Over the years people have made plenty of flip suggestions for how Apple can solve the problems that plague WWDC: get a bigger venue, charge more money, split it up into multiple conferences. But any of these would be a very small band-aid on a very large wound. WWDC is flat-out busted, and can’t be fixed by any of these analog solutions.

The whole point of the conference needs to be rethought, and the goals addressed from scratch using new approaches. As the greatest challenge for WWDC is in scaling to meet demand, I think it’s obvious that the rethought WWDC should be considered in terms of digital solutions. Call it WWDC if you like, but it needs to take place 365 days a year instead of 4. It needs to serve 300,000 developers, not 5,000. And it needs to take place online, not within the cramped confines of a small convention center in San Francisco.

Apple has effectively headed down this course with their laudable offering of free videos of conference sessions. The high-level goal of merely educating developers is largely met by these. But what of the other goals? The vast majority of benefits that Apple and developers see in WWDC could be achieved online using more effective digital materials that are available to, and more importantly, that scale to the vast number of developers eager to learn about and promote Apple’s platforms.

Instead of a week each year when a developer must enter a lottery for a chance at talking directly with a knowledgable Apple engineer in the labs, beef up the existing Developer Technical Support process and workflow so that vexing issues can be driven to the point of resolution, and so that the fruits of those discoveries can be shared with others. For every “lifesaving” tip a developer has received in the WWDC labs, how many others continue to struggle in anguish because the effort was never made to codify that wisdom in the form of a developer technote or other reference material? It doesn’t make sense … it’s a bug, if you will … that so many Apple developers feel that their only opportunity to solve a problem is by meeting in person with an Apple engineer at WWDC.

Instead of asking Apple’s engineers to spend weeks every year preparing, rehearsing, and delivering sessions in San Francisco, ask them to spend a reasonable percentage of the year consulting with and assisting in the development of long-term interactive, iteratively improved video documentation. Start with the last 3 years of WWDC talks on a given subject and condense it down to concise summary of the most pertinent instruction, tips, and demos. It would be ridiculous for Apple to maintain separate text documents for each year, and for developers to be told “Oh, that was addressed in 2011′s NSTextView documentation, go back and look it up.” Yet that’s what developers are forced to do when trying to extract gems of knowledge from past WWDC sessions. (Cough, it’s regrettably true that Apple’s “Release Notes” sometimes serve as a similar kind of decentralized documentation authority).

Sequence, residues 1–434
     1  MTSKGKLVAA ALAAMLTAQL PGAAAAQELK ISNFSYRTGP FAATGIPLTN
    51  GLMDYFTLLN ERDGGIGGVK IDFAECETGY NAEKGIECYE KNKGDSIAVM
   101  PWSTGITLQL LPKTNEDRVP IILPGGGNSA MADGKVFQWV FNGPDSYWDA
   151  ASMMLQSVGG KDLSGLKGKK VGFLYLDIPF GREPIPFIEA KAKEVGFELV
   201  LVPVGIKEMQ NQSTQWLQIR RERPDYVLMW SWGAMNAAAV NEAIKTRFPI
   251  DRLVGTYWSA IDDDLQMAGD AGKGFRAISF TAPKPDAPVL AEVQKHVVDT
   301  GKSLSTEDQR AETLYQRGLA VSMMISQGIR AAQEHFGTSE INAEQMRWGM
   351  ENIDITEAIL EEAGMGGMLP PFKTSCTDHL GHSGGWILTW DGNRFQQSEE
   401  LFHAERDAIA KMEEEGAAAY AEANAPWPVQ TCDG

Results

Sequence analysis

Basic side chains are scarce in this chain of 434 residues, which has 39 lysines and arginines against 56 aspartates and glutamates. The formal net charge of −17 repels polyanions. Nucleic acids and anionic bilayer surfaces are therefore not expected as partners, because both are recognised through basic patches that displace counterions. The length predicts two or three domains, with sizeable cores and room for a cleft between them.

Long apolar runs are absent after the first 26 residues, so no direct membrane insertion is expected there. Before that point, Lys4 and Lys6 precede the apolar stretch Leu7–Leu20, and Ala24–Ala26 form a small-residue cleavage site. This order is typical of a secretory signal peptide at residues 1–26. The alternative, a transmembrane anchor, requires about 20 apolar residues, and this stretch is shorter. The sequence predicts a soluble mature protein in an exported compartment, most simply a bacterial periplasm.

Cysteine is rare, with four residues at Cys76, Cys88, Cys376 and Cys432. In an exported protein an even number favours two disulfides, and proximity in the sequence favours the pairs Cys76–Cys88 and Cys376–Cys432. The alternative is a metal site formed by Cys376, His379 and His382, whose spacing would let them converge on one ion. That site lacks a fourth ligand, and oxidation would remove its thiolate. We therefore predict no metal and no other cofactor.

And what about the community incentive for developers? Isn’t it important to have an opportunity to meet with and catch up with developers from around the world? Yes, it is important, or I should say it would be if it actually worked any longer at WWDC. The very small fraction of developers who are admitted, combined with the unpredictability of whether you or your friends will make the cut, make it essentially useless as an annual catching-up venue. Look to smaller conferences for this ambition. While some of them are similarly challenged in meeting demand for attendance, many are more fine-tuned both in teaching style and in topic choice. They each have a special feel of their own, which naturally attracts a repeat audience whose members are more likely to find fellowship with one another than in the comparatively giant, rotating petri dish of this year’s random WWDC ticket winners.

I have loved the times I’ve attended WWDC, and I may yet end up enjoying it again, but its time has past. It’s time to move on. In 1983, 1993, and 2003 it was the right tool for the job because it largely fulfilled the objectives for both Apple and developers. In 2013 it’s a strangely exclusive, rotating club with arbitrary membership rules, and increasingly dubious advantages. It’s a source of annual stress and uncertainty for would-be attendees, and has just delivered a whopping blow to thousands of developers who didn’t make the cut for this year’s show.

I would miss many things about WWDC, but the things I would miss could easily be offset by superior, scalable solutions. And I would be happy to leave behind the increasing number of obnoxious aspects of the yearly ritual. It’s time for something better. It’s time to end WWDC.

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3806 days ago
Totally agree with this.